The odds against a rookie winning a starting position on a veteran professional football team are about the same as the odds against the new Atlanta Falcons winning the National Football League championship this year. The odds against two rookies are incalculably high, and it clearly is impossible for two rookies to make the same team in the same season and also be chosen All-League.
After a quarterback has spent 10 years in the NFL without creating a noticeable ripple, it is virtually beyond hope for him ever to become a starter. And if he spent 10 years on the phones to the coaches in the press box while worthier teammates ran the club, you could hardly expect him to lead the NFL in passing.
If all these unlikely things happen to one team in one season, you have the equivalent of three successive winning plays on the 13 on a double-zero roulette wheel in Las Vegas—in other words, the Chicago Bears in 1965.
Gale Sayers scored 22 touchdowns in his rookie season, finished second to Jim Brown in rushing and was a unanimous All-Pro. Dick Butkus moved into one of the most difficult defensive jobs in football—middle linebacker—and uprooted Bill George and played the position so well that he was on the Pro Bowl team.
Most significant for Chicago championship hopes, 34-year-old Rudy Bukich, who passed USC to a 7-0 Rose Bowl victory over Wisconsin in the long, long ago, came off the bench in the middle of the third game of the year to take over the Bear offense and lead the NFL in passing. Everyone knew about Sayers and Butkus last year, but most people think John Brodie won the passing championship. Yet if the Bears should win the NFL title this year, it will be due primarily to the abilities of erstwhile benchwarmer Rudolph Andrew Bukich (see cover). Sayers and Butkus are back and probably even more effective than they were a year ago, but Bukich was—and still is—the key to the Bears. He is a handsome man, and an intelligent one, with black hair and blue eyes. He has a master's degree in education administration and is working toward a doctorate. Rumor has it that his fabulous arm can fling a football 100 yards through the air, but he denies this, and no one has ever seen him do it. But he can do everything else and he has everything else—accuracy, maturity, judgment—and he just may be worth John Brodie's million-dollar salary.
It is a curious fact that Bukich was the Los Angeles Rams' No. 1 draft choice in 1953, while the man he replaced at Chicago, Billy Wade, was the Rams' first pick in 1952. George Halas, Chicago's owner-coach, had been infatuated with Wade. Billy is an exemplary man and, in the technical sense, a fine quarterback. He can throw a ball accurately a long way—but not as far as Bukich can. Wade is a devout member of his church and does not drink, curse or use tobacco. Yet in his 12 years as a quarterback Wade has not been a winner.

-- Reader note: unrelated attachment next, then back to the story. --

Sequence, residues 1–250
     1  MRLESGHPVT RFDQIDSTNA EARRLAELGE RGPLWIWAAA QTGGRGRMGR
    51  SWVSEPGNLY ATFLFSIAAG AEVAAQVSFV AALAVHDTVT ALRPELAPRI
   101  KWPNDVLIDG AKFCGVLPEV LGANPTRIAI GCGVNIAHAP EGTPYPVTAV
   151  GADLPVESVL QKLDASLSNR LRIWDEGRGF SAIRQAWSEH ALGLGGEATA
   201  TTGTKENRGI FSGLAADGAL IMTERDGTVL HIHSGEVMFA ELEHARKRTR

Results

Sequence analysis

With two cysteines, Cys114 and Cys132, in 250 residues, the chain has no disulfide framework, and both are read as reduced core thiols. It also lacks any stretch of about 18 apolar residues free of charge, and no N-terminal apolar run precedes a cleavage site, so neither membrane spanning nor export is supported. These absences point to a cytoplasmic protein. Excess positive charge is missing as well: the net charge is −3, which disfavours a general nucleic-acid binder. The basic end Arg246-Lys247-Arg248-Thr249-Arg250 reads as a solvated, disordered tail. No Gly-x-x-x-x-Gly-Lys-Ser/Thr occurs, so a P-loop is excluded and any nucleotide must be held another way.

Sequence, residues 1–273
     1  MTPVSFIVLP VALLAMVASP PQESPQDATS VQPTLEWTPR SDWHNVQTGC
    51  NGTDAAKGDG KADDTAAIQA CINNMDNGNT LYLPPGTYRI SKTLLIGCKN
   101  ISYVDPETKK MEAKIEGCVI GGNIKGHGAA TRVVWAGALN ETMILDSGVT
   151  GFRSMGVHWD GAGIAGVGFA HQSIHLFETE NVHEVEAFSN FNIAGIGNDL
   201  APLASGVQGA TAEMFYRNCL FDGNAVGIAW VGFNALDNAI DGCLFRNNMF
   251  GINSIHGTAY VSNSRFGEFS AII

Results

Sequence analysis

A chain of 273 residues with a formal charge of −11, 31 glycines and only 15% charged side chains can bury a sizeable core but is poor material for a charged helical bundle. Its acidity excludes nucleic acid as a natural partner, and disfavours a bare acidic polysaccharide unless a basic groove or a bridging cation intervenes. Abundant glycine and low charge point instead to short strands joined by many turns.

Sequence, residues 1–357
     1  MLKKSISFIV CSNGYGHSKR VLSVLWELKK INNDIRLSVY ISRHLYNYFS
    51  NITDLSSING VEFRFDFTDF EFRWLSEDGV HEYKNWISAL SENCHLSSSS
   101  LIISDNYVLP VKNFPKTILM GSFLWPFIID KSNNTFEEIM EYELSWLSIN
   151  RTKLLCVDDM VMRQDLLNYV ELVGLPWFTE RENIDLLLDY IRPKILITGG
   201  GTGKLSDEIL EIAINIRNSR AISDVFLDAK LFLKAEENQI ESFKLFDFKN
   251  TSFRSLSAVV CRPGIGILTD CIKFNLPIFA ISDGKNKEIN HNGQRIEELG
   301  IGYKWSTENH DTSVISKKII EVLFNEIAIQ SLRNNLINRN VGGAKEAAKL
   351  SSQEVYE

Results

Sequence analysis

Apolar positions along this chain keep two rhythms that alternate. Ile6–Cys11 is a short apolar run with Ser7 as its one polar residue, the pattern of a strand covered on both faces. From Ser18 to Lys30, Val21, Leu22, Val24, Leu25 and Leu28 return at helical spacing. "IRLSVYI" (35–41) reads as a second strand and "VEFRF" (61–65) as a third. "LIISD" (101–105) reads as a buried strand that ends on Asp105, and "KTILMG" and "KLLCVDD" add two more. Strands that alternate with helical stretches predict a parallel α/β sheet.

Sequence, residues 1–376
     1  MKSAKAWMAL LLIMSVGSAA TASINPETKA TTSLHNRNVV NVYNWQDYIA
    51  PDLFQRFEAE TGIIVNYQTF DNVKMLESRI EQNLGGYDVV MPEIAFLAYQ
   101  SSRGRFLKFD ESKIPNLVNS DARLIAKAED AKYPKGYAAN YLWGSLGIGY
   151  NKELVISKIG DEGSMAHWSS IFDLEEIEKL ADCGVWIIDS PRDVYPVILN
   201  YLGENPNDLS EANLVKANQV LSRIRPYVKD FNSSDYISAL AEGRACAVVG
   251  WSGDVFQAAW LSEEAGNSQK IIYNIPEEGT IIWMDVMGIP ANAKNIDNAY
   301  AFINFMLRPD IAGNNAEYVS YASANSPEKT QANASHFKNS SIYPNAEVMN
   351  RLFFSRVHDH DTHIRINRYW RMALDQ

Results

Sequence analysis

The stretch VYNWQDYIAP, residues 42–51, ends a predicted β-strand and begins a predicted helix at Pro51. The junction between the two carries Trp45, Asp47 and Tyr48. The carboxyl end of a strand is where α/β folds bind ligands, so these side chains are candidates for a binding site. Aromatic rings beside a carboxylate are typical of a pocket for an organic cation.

True, the Bears won the NFL championship in 1963 with Wade at quarterback, but that season the defense gave up only 10 points a game, and your maiden Aunt Jessie, provided she could throw a football 20 yards, could have been the Bear quarterback. As it was, the Chicago offense averaged only 22 points a game that year.
The next season, as Bukich sat on the bench, the Bears dropped from first place to sixth in the West. It was early in 1965 that Bukich was given the opportunity to take over the Bear attack. Wade was hurt, and Halas' only other alternative was to play second-year man Larry Rakestraw.
Bukich's invitation to glory came in a disastrous September. The Bears had lost their first two games and were trailing Green Bay 20-0 in the third quarter when Bukich pulled on his navy-blue helmet and strode up behind the Chicago center, Mike Pyle. From that moment he was No. 1. Under his guidance the Bears won the second half of the game by a score of 14-3 in the 23-14 loss. With Bukich in command, Chicago became the sensation of the West, winning nine of the next 11 games and finishing a powerful third to Green Bay and Baltimore.
It had been a long, rough journey up. "When I was ready to turn pro I was in a quandary," Bukich says. "I wanted the Rams to draft me. I wanted to play in Southern California, and I was a Ram fan. At the same time I kind of wanted to be drafted somewhere else, because I knew that I would not get much of a chance to play in Los Angeles. The Ram quarterbacks were Norm Van Brocklin and Bob Waterfield, and I didn't really expect to take over from them."